Growth and Innovation in Europe and the Global Economy
Academic year 2012-13
Date last modified
School of Business and Economics
A.H. van Zon
The Lisbon strategy is meant to turn the EU into the most competitive economic entity on the world in order to generate the highest but still sustainable rates of growth possible. To do that it has adopted the promotion of R&D activity as one of its main tactics. In this block, we will look into the theoretical foundations of the growth part of the Lisbon strategy, first by studying traditional growth theory and secondly by focusing more clearly on the additions to the traditional growth framework coming from new (or endogenous) growth theory. There are different proto-typical new growth theory models, each of them focusing on different features of growth performance, but all of them emphasizing the overriding importance of knowledge and human capital accumulation, as accepted in the Lisbon strategy. During the course, we will spend time constructing and simulating these proto-type models, in order to see how, in each of these models, economic policy would be able to influence growth performance in Europe.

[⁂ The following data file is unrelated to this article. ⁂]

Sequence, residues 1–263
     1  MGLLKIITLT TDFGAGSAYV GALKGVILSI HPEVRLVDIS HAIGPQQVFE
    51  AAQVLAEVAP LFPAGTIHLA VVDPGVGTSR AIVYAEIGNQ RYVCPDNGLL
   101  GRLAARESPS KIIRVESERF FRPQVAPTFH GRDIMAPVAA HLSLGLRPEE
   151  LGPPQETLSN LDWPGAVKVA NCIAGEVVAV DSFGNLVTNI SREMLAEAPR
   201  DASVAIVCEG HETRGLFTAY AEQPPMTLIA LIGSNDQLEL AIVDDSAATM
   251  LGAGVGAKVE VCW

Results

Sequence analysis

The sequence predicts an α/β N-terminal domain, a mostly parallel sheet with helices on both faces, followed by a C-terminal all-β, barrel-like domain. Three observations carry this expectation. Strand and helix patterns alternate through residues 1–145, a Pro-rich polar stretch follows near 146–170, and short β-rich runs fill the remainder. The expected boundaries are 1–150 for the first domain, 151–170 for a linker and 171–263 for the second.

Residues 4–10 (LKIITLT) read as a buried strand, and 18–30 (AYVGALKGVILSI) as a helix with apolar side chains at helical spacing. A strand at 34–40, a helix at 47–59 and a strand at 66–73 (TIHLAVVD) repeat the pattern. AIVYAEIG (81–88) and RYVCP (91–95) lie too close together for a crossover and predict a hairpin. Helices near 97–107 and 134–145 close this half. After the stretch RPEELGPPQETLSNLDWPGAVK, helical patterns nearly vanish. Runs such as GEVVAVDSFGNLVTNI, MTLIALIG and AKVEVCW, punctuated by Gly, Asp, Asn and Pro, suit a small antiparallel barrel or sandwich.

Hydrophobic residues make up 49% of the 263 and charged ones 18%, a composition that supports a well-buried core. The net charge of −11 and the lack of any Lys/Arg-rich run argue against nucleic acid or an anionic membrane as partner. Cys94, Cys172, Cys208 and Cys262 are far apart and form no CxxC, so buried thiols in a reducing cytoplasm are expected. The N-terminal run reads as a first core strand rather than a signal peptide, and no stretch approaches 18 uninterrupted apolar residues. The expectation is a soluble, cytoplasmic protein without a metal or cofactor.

The goal is to understand how innovation and technological change cause economic growth, and growth rate differentials between countries and changes in the distribution of income between groups within countries. Students will develop a deep analytical understanding of the relationship between innovation, economic growth and distribution issues.
Intermediate knowledge of mathematics and economics is required. Exchange Students need to have obtained a Bachelor degree in economics.
To be announced.
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